When I started practicing Medical Oncology 30 years ago, the Internet had yet to be born. Patients listened to our recommendations, thanked us, and accepted their treatment trusting we knew what we were doing.
I specialize in breast oncology. It is a full-time job keeping up with new biologic findings of this disease and the new drugs which have been developed. It has also become more challenging discussing treatment options with patients trying to incorporate them as part of the treatment team.
Mrs. T comes in to discuss her new breast cancer diagnosis. After spending an hour with her, painstakingly discussing treatment options and the reasons for my recommendations she states, “I will research this over the weekend and get back to you next week with my decision”. “Wow,” I thought. “So, I didn’t need to spend almost half a million dollars and 15 years in school?”
Mrs. O comes in for a second opinion after progressing through her first line treatment for metastatic breast cancer. I give her my treatment recommendations and reasoning. She wants to think about it and return next week. Upon return, she hands me an article outlining the study for which I had based my treatment recommendations. “There was this trial” she explains “where the drugs you recommended were studied. Perhaps you’ve heard of it.” “If I haven’t,” I replied, “you are in big trouble.”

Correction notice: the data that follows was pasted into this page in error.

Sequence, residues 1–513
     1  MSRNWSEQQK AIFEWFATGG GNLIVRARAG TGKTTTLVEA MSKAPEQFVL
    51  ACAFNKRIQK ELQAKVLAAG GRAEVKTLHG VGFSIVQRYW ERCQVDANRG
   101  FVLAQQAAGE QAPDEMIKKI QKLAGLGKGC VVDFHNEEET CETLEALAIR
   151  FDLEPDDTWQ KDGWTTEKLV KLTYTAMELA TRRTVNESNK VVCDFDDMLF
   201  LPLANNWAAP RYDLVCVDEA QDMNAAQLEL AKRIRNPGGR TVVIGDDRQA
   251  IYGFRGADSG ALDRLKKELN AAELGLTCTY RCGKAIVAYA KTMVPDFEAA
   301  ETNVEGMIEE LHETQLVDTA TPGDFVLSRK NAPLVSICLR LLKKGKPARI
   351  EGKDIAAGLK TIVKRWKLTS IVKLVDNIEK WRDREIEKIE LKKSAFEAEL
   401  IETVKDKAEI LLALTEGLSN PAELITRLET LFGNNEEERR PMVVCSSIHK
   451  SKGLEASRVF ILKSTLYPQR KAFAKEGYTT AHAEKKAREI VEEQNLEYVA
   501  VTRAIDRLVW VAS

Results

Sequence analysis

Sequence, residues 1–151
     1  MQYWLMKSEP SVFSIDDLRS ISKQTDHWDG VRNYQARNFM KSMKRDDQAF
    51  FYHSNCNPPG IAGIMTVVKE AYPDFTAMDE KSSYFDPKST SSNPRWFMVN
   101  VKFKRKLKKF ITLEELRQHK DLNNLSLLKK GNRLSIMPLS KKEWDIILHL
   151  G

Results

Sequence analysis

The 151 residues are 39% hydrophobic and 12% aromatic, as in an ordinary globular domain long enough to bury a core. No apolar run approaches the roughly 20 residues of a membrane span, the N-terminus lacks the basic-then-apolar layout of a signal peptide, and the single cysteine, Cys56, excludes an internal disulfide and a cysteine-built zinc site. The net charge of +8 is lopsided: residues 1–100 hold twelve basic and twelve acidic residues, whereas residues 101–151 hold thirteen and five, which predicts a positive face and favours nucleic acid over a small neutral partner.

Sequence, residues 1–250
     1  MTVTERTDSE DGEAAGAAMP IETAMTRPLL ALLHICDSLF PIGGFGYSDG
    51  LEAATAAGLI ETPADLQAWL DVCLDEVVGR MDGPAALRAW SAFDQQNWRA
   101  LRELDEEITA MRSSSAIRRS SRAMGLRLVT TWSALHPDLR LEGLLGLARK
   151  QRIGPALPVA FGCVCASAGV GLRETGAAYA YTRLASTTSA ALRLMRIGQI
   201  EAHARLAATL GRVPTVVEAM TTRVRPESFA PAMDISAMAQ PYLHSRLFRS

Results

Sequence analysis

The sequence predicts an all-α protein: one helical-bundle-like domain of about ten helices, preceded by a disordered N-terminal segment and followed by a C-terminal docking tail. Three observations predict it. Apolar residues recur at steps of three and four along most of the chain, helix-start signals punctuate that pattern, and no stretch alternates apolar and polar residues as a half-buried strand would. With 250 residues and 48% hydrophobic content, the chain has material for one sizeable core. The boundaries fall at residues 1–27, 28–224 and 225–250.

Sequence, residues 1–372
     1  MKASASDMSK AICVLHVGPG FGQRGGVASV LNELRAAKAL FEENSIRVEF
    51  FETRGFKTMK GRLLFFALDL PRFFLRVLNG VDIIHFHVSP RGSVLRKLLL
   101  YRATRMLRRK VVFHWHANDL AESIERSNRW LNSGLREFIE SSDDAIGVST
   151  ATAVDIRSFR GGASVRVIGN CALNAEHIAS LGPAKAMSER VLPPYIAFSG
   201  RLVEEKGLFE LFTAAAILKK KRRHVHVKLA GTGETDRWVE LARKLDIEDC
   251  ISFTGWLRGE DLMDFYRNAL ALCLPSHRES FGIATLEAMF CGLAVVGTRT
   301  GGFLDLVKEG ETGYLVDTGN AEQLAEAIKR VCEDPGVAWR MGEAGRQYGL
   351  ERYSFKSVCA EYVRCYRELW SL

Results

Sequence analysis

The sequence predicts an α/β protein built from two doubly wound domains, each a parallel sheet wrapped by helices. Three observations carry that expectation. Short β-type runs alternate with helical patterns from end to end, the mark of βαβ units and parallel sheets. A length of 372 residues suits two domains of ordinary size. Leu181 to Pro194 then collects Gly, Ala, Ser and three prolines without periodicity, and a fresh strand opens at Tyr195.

I also incorporate genetic counseling in my practice. My daughter called me one day to ask to have testing done. “Why do you think you need that”? I asked. She had been watching Keeping up with the Kardashian’s where one grandmother who had breast cancer was tested and found to be BRCA positive. The show went on to view how the rest of the family reacted to this. Being Jewish and having my mother with a history of breast cancer, my daughter was convinced she needed testing.
Mrs. L comes into my office the next day and asks about genetic testing. When I started to discuss the show on the Kardashians, she got extremely excited and said, “Yes, it’s right here on my phone” and pulled up the episode.
There have been such advances in breast cancer, particularly in metastatic disease with the development of immunotherapy, biologics and mutations driving treatment decisions. Understanding that patients will go online, I try to counsel them about the most reliable websites. I also try to educate myself on what is going in the lay literature, so I am well informed about what my patients are seeing.
Competition with the Internet for medical information is a constant struggle. And one I do not always win.
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